Julie London

Julie London (September 26, 1926 – October 18, 2000) was an American singer and actress who was known for her smoky, sensual voice and role as Nurse Dixie McCall RN on the television show Emergency! (1972–1977).

Born in Santa Rosa, California, as Gayle Peck, she was the daughter of Jack and Josephine Peck, who were a vaudeville song-and-dance team. When she was 14, the family moved to Los Angeles. Shortly after that, she began appearing in movies. She graduated from the Hollywood Professional High School in 1945.

She was married to Jack Webb of Dragnet fame. Her obvious beauty and self-poise (she was a pinup girl prized by GIs during World War II) contrasted with his pedestrian appearance and stiff-as-a-board acting technique (much parodied by impersonators). This unlikely pairing arose from his and her love for jazz music; their marriage lasted from July 1947 to November 1953.[1] They had two daughters, one who was killed in a traffic accident in the 1990s and one who survived her. In 1954, having become somewhat reclusive after her divorce from Jack Webb, she met jazz composer and musician Bobby Troup at a club on La Brea Blvd.[2] They married on December 31, 1959 and remained married until his death in February 1999. Together, they had one daughter and twin sons.

She suffered a stroke in 1995, and was in poor health until her death in Encino, California, at the age of 74, survived by four of her five children.

On her death in October 2000, Julie London was interred in Forest Lawn – Hollywood Hills Cemetery in Los Angeles.

London began singing in public in her teens before appearing in a film. She was discovered by Sue Carol (wife of Alan Ladd) while London was working as an elevator operator. Her early film career did not include any singing roles.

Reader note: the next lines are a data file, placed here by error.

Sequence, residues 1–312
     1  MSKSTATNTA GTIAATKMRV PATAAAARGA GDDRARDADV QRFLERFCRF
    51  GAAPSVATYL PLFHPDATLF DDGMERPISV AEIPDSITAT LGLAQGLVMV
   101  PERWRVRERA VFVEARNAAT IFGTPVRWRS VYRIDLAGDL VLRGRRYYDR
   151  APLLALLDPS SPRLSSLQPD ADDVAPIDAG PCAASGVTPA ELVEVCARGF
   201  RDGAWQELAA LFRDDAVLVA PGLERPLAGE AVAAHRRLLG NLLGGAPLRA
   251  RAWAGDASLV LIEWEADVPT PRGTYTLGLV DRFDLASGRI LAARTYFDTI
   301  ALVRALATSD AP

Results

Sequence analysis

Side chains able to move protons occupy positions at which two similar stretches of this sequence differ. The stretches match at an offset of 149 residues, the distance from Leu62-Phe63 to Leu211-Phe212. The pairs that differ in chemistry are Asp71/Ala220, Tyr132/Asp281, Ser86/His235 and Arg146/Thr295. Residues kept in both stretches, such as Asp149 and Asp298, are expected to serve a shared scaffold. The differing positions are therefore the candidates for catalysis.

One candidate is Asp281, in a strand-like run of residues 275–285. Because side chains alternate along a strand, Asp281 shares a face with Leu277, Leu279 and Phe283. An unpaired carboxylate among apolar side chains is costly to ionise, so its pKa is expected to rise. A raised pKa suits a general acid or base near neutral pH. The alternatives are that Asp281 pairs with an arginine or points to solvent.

She recorded 32 albums in a career that began in 1955 with a live performance at the 881 Club in Los Angeles.[3] She was named by Billboard the most popular female vocalist for 1955, 1956, and 1957. In 1957, she was the subject of a Life cover article in which she was quoted as saying, “It’s only a thimbleful of a voice, and I have to use it close to the microphone. But it is a kind of oversmoked voice, and it automatically sounds intimate.”

One of her most famous singles “Cry Me a River”, was actually written by her high school classmate Arthur Hamilton, and produced by her husband Troup[4]. The song was featured in the 1956 film The Girl Can’t Help It. This became a million-selling single after release in April 1957 and could still sell on re-issue in April 1983 on the back of attention brought by the Mari Wilson version of the song. The song has gained recent attention after being featured in the films Passion of Mind (2000) and V for Vendetta (2006). Other hit singles include “Makin’ Whoopee”, “Blue Moon”, “It Had To Be You”. Songs such as “Go Slow” epitomized her career style: her voice is slow, smoky, and sensual. The lyrics strongly suggest sex but never explicitly define it:

Go slow, oooooh honey, take it easy on the curves;
When love is slow, oooooh honey, what a tonic for my nerves.
Go slow, oooooh honey, we’ve got such a lot of time;
When love is slow, oooooh honey, how the mercury does climb.

Her whispered “you make me feel so good” at the end is breathy and suggests a sexually satisfied partner, serving as later inspiration for Frank Sinatra’s lyrically similar song.

The song “Yummy Yummy Yummy” was featured on the HBO series Six Feet Under, and appears on the series soundtrack album.

Her last recording was the classic song “My Funny Valentine” for the soundtrack of the 1981 Burt Reynolds film Sharky’s Machine.

1. Cry Me A River
2. In The Middle Of A Kiss
3. You’d Be So Nice To Come Home To
4. No Moon At All
5. June In January
6. ‘Round Midnight
7. In The Still Of The Night
8. My Heart Belongs To Daddy
9. Invitation To The Blues
10. Easy Street
11. Go Slow
12. The Thrill Is Gone
13. I Surrender, Dear
14. Two Sleepy People
15. A Cottage For Sale
16. Daddy
17. Gone With The Wind
12. I’m In The Mood For Love

Footer Ad